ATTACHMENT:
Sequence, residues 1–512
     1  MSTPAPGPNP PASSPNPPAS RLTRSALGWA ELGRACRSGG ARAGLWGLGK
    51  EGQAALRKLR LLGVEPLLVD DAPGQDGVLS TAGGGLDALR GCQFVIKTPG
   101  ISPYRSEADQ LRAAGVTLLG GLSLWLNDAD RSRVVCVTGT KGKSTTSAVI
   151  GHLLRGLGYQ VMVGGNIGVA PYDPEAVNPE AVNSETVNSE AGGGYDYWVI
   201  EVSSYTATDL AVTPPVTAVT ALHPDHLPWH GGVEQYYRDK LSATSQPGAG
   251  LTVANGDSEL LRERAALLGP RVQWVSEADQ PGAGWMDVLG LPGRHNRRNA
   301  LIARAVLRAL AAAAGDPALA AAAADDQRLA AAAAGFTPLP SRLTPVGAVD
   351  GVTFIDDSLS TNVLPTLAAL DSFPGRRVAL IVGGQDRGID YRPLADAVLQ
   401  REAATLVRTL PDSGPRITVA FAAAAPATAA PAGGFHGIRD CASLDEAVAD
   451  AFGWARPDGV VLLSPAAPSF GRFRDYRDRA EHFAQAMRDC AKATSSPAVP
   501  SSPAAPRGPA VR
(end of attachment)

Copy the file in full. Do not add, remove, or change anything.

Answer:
Sequence, residues 1–512
     1  MSTPAPGPNP PASSPNPPAS RLTRSALGWA ELGRACRSGG ARAGLWGLGK
    51  EGQAALRKLR LLGVEPLLVD DAPGQDGVLS TAGGGLDALR GCQFVIKTPG
   101  ISPYRSEADQ LRAAGVTLLG GLSLWLNDAD RSRVVCVTGT KGKSTTSAVI
   151  GHLLRGLGYQ VMVGGNIGVA PYDPEAVNPE AVNSETVNSE AGGGYDYWVI
   201  EVSSYTATDL AVTPPVTAVT ALHPDHLPWH GGVEQYYRDK LSATSQPGAG
   251  LTVANGDSEL LRERAALLGP RVQWVSEADQ PGAGWMDVLG LPGRHNRRNA
   301  LIARAVLRAL AAAAGDPALA AAAADDQRLA AAAAGFTPLP SRLTPVGAVD
   351  GVTFIDDSLS TNVLPTLAAL DSFPGRRVAL IVGGQDRGID YRPLADAVLQ
   401  REAATLVRTL PDSGPRITVA FAAAAPATAA PAGGFHGIRD CASLDEAVAD
   451  AFGWARPDGV VLLSPAAPSF GRFRDYRDRA EHFAQAMRDC AKATSSPAVP
   501  SSPAAPRGPA VR